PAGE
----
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Review: 'What Remains of Edith Finch' is Gorgeous Game with a Haunting Story

By Jamie Righetti | Miscellaneous | May 9, 2017 |

By Jamie Righetti | Miscellaneous | May 9, 2017 |

Truth be told, I had heard about What Remains of Edith Finch ages ago and forgotten all about as the game has been in development for several years. But this week, the game popped back onto my radar when it was finally released for Playstation 4 and Microsoft Windows. I was initially sold on the premise, having loved the exploratory feel and tone of Gone Home. But when I heard Annapurna Pictures were behind What Remains of Edith Finch, publishing the game under their video game development banner Annapurna Interactive, I was really thrilled to check it out.

Annapurna Pictures is headed up by Megan Ellison and have co-produced a slew of incredible and award-winning films including The Master, Her, Zero Dark Thirty and American Hustle, as well as producing The Bad Batch and Everybody Wants Some!! and Kathryn Bigelow’s upcoming film Detroit and Wes Anderson’s Isle of Dogs. Needless to say, Annapurna Pictures knows their way around a great story.

In What Remains of Edith Finch, you play the title character, a seventeen-year-old girl who returns to her family’s ancestral home on an island off the coast of Washington State following the death of her mother. As Edith makes her way into her old home, she narrates the experience aloud, explaining the home and her family as you go along. Inside, the house is a cacophony of half-packed belongings left behind alongside the detritus of everyday life. The home truly feels frozen in time and, as you discover, it is also filled with the secrets once kept by members of Edith’s family. There are secret passage ways that allow you into the bedrooms that have been sealed off by Edith’s mother, Dawn, a woman consumed by her grief.

And there is a lot of grief in the game because spoilers: everyone in Edith’s family is dead. Well, maybe everyone. As you make your way up to the Finch home, the woods are scattered with missing person posters for Edith’s brother, Milton, who was never found. But the deaths aren’t really a spoiler, instead they’re point of What Remains of Edith Finch. As you creep into each bedroom, frozen in time and filled with the memories of a ghost, you also unlock small vignettes that detail the demise of Edith’s family. It’s admittedly a strange thing to play out the death of a character and some of the scenarios land a lot harder than others, although there is one incredibly fun comic book vignette that blends elements of Creepshow and Halloween.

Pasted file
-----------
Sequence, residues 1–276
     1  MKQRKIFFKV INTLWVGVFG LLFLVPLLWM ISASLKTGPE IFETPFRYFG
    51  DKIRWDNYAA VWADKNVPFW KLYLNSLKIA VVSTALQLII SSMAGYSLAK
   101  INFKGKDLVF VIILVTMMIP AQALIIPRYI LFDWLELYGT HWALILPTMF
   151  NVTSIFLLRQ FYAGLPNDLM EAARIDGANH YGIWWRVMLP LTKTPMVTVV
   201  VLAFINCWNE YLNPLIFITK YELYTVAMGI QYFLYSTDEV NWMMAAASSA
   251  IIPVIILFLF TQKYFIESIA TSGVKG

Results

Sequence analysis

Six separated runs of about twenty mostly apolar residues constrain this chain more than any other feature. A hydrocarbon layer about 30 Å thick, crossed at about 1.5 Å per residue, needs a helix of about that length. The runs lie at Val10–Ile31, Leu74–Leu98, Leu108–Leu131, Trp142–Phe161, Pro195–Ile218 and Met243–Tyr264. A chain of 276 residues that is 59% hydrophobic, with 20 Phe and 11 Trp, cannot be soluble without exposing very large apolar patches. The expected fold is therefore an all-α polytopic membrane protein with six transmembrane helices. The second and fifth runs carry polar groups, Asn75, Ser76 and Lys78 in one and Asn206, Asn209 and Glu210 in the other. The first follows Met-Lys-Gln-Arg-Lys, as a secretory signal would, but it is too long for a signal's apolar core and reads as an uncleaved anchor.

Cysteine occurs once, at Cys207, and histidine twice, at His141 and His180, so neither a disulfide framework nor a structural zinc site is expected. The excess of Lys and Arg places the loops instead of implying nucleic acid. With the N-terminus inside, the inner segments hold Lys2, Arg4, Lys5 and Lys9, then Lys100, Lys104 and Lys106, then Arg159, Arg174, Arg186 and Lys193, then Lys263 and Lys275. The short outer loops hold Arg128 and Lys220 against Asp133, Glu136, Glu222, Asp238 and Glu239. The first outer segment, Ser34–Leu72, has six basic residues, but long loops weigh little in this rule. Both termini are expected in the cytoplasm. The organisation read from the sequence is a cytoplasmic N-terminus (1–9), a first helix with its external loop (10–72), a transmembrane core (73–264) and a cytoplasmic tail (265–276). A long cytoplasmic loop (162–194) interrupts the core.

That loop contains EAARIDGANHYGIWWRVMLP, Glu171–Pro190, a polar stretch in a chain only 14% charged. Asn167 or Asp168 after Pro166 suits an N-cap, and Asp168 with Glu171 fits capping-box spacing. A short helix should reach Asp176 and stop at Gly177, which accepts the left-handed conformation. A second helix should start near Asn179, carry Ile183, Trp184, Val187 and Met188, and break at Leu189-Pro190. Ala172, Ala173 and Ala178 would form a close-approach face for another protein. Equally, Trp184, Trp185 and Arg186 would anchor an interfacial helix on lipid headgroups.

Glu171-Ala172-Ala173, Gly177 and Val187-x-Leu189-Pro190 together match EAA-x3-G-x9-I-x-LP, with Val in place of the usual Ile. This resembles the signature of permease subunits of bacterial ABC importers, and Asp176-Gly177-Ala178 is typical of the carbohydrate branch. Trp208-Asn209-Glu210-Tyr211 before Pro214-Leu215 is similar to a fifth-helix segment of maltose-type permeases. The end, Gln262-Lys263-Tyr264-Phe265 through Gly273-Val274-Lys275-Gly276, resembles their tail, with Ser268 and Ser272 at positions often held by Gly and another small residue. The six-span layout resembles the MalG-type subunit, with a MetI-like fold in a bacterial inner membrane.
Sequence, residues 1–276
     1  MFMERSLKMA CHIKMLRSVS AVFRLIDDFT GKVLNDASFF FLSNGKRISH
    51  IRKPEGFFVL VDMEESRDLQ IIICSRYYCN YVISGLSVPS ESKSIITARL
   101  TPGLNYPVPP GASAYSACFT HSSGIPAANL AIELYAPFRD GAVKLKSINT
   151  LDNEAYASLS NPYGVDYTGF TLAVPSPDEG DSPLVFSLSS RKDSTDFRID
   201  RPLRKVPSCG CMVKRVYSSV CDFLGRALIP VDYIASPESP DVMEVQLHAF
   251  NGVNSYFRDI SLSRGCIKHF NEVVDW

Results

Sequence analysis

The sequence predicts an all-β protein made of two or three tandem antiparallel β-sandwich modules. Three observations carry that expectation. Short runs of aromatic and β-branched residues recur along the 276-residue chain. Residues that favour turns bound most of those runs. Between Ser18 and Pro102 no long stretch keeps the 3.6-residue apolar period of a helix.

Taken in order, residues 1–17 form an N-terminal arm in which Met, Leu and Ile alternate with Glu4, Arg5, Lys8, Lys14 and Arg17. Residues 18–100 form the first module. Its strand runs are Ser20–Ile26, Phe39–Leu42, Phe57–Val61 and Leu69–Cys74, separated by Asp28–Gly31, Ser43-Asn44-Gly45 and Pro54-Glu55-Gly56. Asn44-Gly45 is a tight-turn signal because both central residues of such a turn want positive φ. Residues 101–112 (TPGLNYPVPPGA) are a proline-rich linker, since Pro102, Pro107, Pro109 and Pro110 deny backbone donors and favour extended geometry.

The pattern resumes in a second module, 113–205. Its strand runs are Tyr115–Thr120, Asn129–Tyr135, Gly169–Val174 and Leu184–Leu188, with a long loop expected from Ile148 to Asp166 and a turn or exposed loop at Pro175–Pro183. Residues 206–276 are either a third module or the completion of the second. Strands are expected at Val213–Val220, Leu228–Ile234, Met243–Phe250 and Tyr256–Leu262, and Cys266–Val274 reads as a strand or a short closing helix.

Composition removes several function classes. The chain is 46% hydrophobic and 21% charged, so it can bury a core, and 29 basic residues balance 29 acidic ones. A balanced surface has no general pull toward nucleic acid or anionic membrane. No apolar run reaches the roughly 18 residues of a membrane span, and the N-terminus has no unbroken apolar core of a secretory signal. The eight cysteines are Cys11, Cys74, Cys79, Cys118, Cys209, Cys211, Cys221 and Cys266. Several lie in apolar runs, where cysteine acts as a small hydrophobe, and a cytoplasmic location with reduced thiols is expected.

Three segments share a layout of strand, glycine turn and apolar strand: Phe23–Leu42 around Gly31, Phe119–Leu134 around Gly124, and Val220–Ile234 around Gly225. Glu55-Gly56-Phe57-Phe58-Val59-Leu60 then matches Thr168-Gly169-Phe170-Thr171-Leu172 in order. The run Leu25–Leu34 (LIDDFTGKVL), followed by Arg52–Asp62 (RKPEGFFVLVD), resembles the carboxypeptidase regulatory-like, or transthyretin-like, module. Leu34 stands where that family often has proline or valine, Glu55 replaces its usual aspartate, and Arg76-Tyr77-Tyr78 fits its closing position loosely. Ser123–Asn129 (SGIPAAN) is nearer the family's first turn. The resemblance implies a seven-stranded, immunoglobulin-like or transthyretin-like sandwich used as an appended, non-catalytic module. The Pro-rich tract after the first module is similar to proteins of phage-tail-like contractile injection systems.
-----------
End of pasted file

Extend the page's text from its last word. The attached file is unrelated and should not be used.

From a gaming standpoint, What Remains of Edith Finch is fairly basic. This isn’t a shooter so aside from controlling Edith’s actions (walking, opening doors and books), you’re left to control the actions of her dead relatives in flashback memories, which sometimes take on a fantastical tone. But the game really isn’t about unlocking doors, it’s about the story being told and on this level, What Remains of Edith Finch is stunning. The Finches are a family filled with tragedy and while the game hints at a supernatural element or monster, it becomes clear that their grief is also heavily entwined with unspoken mental illness. More than one family member is shown to struggle with feelings of inadequacy and fear, an inability to reconcile the past with the present or to accept that sometimes bad things happen for no reason.

What Remains of Edith Finch is a heavy game but it is also incredibly engrossing as you work your way through Edith’s family tree, unlocking each story and discovering new personalities. And it is one that will linger long after it is over (it is hard not to complete it in one sitting), perhaps causing you to reflect on your own family’s secrets, tragedies and triumphs and the loved ones that have been lost over the years.

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